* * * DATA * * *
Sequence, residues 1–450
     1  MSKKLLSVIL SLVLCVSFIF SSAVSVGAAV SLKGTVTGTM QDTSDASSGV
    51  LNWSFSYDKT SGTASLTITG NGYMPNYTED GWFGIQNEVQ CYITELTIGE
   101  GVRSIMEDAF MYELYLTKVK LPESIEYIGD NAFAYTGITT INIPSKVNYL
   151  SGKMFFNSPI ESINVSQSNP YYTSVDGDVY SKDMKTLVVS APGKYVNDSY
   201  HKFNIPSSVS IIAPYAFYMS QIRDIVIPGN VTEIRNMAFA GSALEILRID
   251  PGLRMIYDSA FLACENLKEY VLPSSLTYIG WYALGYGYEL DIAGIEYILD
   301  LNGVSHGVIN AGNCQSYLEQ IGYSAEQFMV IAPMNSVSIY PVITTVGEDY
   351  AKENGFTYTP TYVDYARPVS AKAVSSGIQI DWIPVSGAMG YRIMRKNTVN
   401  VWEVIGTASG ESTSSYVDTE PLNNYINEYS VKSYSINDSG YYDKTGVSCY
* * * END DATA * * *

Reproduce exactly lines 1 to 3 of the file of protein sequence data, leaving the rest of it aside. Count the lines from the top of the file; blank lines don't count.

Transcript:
Sequence, residues 1–450
     1  MSKKLLSVIL SLVLCVSFIF SSAVSVGAAV SLKGTVTGTM QDTSDASSGV
    51  LNWSFSYDKT SGTASLTITG NGYMPNYTED GWFGIQNEVQ CYITELTIGE